Wednesday, April 28, 2010


I came to realize, as I was reading through my current writing piece that I throw a lot of what I've lived in with the ideas and characters.
I know we're supposed to write what we know, and I know what I know, however, I'm worried this monotonous cycle of stories will always present themselves in my work.
I've read several authors and their characters seem to be the same person throughout their books.  These are not amateur writers I'm talking about, these are mainstream, VERY well known authors.
I know there's a certain voice that every author has, but how can these professional writers get away with the monotony?
Are they allowed just because they are professionals, and they know the character archetype is the right for the story?

How do I pop out of my own box?
How do I come out of who I am as a person, and learn other people?

How do you do it?
-people watching?
-eavesdropping on conversations?
-study of other writers?


  1. Just curious. Are you still writing what I think you are writing, or have you moved on to something else? I know I haven't been around to give any input on it, but I still think it is an awesome idea for a story. As for your blog, I know exactly what you mean by the characters being similar in stories. I think that it helps readers to identify with the stories. Like recently I read a couple Sherilyn Kenyan books and the main female character was a lot like myself, so I was able to get into he stories better and am now on a search for more of Sherilyn's books. Not every reader will identify with your character, but those who do, will come back for more.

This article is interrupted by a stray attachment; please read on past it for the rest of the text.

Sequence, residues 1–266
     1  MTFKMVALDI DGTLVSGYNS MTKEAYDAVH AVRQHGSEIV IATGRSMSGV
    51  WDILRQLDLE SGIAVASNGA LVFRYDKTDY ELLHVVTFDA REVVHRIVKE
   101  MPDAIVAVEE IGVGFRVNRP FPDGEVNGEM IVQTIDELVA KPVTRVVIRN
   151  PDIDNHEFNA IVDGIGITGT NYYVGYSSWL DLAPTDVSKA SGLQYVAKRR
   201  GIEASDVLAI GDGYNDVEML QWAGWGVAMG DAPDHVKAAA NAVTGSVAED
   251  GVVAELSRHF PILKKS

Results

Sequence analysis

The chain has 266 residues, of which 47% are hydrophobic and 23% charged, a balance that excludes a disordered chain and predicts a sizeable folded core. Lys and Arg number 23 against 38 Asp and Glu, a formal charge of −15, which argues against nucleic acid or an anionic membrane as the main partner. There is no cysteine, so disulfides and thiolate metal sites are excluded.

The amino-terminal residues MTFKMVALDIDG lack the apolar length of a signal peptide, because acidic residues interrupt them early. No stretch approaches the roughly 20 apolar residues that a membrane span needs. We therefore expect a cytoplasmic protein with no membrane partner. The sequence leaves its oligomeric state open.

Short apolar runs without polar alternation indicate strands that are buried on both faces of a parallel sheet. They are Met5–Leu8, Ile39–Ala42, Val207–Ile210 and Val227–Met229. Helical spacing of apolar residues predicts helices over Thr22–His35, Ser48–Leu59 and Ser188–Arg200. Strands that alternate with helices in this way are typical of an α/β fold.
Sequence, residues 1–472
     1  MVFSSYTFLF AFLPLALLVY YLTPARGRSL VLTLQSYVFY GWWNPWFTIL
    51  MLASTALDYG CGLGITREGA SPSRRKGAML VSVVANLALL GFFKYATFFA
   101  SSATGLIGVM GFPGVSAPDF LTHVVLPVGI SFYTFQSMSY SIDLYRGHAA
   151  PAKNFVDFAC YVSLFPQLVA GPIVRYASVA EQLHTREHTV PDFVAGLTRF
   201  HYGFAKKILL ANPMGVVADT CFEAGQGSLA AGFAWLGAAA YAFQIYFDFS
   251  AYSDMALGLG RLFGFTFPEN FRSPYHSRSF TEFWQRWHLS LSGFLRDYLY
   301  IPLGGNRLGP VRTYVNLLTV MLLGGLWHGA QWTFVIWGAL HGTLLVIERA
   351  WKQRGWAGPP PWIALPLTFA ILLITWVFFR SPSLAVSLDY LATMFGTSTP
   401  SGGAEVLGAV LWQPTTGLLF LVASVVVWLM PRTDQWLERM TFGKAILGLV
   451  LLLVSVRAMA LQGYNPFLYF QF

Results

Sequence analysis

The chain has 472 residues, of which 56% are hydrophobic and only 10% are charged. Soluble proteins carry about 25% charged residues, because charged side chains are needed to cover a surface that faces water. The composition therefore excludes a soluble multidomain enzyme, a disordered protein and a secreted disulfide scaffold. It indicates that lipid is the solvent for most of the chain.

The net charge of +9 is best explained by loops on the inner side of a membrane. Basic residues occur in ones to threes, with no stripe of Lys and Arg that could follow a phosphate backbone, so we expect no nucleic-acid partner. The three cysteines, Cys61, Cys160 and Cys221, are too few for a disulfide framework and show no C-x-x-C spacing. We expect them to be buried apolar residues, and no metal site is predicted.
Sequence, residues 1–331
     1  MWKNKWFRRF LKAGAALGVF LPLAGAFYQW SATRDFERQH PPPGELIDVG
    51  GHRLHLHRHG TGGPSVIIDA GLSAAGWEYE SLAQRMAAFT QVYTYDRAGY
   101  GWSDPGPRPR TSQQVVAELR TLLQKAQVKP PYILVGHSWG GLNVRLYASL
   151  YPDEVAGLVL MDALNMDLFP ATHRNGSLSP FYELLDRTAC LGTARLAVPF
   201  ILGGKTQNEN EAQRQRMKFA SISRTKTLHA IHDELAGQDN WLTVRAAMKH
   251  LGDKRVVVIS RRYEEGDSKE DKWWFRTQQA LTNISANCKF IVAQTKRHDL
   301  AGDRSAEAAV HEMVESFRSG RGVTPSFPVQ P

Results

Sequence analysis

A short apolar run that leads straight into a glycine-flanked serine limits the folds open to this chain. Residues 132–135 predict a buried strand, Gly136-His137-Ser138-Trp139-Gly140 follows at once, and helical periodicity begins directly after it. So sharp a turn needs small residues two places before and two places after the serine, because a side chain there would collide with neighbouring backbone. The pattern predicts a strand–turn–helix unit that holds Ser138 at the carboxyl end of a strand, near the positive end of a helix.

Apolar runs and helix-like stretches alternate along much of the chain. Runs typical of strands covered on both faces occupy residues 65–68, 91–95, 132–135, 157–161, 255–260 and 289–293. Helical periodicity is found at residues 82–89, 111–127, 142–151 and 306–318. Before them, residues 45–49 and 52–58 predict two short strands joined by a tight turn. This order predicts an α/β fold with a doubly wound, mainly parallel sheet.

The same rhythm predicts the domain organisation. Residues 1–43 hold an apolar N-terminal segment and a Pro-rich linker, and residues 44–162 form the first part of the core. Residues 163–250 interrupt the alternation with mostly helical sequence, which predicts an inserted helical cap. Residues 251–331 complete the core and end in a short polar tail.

2. You have more than one question here, but let me address the one you're not outright asking: We probably all (or most) do this at some point because we're beginners. I laugh thinking about what I wrote in high school. My main character was the most thinly veiled version of myself. Her best friend was strikingly similar to my best friend. Etc., etc. Recently Mary Kole of addressed writing about issues you don't know firsthand. At some point, I think, to create a *good* novel every author has to jump out on that ledge and write things they -don't- know about. Now, I'm not saying you're a bad author by any stretch - the very fact that you recognize this problem signifies you're in the process of moving past it - but it definitely is a common problem!

    Okay, that aside: people watching certainly helps. So does getting to know (really know & hang out with) people different than you. Read widely - don't just read contemporary romantic CBA fiction if that's what you're writing. Read lots of things to get a feel for how other people do it. Watch TV & movies objectively instead of in couch potato mode. And by far: make your character's three-demensional. Give your character their own motivation, history, etc. Even if you never spell it out in the story do it for yourself. Especially when you flesh out your "villians." Hope that helps! Love ya!